NIH has broadened its definition of clinical trial, and it may impact your future applications (new, resubmission, or revision) and awards.
NIH’s definition of clinical trial now includes some research approaches not traditionally considered clinical trials. For example, many behavioral or biobehavioral studies that focus on underlying mechanisms of development may now be considered clinical trials. Also, conducting experiments that involve human subjects may be considered a clinical trial. If you are conducting studies involving human subjects, it is very important that you understand this definition and determine whether it applies to your research.
How do I know if my study is a clinical trial?
NIH has four questions that researchers need to answer to determine whether their study is a clinical trial. These questions may use terminology that has a different meaning than the typical meanings understood by certain research communities. It’s important to review the FAQs and case studies provided by the NIH Office of Extramural Research. If you answer “yes” to each of these four questions, your research will be considered a clinical trial by NIH:
1. Does the study involve human participants?
2. Are the participants prospectively assigned to an intervention?
3. Is the study designed to evaluate the effect of the intervention on the participants?
4. Is the effect being evaluated a health-related biomedical or behavioral outcome?
Here is a link that can help you determine if your research is a clinical trial: https://grants.nih.gov/ct-decision/index.htm.
Why is this important? What are the implications if my study is considered a clinical trial?
Beginning with applications submitted on or after January 25, 2018, if your application involves a clinical trial, you must:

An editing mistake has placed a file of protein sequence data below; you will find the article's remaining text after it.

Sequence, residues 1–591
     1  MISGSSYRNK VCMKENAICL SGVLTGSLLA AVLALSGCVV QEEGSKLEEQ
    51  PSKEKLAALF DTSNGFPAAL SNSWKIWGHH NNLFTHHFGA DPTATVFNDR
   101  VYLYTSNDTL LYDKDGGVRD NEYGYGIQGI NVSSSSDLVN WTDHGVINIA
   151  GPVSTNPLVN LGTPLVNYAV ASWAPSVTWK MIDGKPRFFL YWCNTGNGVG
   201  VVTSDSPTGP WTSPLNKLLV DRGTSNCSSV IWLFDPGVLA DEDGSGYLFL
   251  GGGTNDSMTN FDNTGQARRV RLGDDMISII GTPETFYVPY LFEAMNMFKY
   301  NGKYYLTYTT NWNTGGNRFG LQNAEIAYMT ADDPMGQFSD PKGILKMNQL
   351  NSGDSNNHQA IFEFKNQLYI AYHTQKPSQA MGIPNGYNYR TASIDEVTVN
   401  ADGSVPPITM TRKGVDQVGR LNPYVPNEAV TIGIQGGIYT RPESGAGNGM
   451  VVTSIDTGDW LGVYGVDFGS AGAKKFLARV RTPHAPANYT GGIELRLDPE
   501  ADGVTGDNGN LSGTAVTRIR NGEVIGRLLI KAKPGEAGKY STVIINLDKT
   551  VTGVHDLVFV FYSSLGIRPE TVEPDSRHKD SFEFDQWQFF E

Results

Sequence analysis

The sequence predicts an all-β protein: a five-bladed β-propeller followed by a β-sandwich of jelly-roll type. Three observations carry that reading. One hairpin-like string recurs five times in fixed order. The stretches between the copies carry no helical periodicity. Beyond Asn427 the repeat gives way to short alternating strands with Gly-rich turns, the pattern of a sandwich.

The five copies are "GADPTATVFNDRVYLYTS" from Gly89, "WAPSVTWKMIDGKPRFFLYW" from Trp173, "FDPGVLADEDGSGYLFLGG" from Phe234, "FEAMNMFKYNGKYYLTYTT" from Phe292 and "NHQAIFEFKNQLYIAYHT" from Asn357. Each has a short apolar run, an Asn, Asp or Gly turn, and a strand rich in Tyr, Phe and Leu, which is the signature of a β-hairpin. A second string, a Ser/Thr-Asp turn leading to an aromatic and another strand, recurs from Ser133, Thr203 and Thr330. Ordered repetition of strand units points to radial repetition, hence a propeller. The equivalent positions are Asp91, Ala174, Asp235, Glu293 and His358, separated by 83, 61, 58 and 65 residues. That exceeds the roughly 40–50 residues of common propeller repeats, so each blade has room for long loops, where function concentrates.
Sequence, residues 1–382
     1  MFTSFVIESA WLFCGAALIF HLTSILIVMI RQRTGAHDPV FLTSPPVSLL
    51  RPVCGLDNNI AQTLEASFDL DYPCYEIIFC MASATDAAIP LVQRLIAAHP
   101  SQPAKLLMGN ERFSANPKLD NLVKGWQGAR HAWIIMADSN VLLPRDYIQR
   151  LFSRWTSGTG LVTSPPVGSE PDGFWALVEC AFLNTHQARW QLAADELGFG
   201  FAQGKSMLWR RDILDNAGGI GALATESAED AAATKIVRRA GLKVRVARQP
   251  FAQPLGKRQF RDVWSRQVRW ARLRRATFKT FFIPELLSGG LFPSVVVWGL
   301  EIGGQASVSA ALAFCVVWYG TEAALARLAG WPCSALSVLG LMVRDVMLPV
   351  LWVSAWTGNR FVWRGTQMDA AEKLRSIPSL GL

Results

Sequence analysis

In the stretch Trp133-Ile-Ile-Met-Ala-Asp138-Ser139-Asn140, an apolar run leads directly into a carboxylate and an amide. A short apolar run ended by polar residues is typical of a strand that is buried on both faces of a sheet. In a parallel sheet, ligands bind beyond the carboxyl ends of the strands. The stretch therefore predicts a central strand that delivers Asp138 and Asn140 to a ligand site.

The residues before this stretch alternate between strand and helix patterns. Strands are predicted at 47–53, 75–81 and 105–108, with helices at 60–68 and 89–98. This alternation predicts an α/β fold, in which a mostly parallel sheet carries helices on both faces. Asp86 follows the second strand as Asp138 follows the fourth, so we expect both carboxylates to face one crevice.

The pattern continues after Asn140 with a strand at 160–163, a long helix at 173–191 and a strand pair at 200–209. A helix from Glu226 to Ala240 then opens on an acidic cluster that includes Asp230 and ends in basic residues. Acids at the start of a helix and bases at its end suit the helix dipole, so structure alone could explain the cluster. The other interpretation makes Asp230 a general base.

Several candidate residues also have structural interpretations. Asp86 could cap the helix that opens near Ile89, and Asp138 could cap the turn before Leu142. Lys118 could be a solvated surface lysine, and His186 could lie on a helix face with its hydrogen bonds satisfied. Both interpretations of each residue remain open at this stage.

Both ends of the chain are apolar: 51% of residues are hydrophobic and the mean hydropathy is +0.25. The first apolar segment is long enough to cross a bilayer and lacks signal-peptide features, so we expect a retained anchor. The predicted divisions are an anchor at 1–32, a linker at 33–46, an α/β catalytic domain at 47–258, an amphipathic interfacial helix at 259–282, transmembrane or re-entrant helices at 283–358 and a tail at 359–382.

• Submit the application through a Funding Opportunity Announcement (FOA) that accepts clinical trials.
• Provide additional information in the application, which will be subject to different and distinct review criteria for clinical trials.
If selected for funding, you will need to designate individual(s) to serve as the responsible party for the trial and to register and post results in the clinicaltrials.gov system.
NIH has also issued other policy updates involving Good Clinical Practice training requirements and the use of Single Institutional Review Board (sIRB) approaches for domestic, multi-site human subjects research. Details about all updates/changes are available at https://grants.nih.gov/policy/clinical-trials.htm.
Note: These policy updates/changes also apply to individuals conducting research through contracts.
Why is NIH making these changes?
As stewards of public funding, NIH is implementing these changes in support of our scientific and ethical obligation to ensure that the burden and risk that volunteers assume as research participants ultimately contributes to scientific knowledge. In addition, these changes facilitate transparency in how NIH conducts and supports human subjects and clinical trials research and increases dissemination of data and conclusions derived from NIH-conducted or -supported clinical trials. More discussion of the reasons for the policy changes is at: https://grants.nih.gov/policy/clinical-trials/why-changes.htm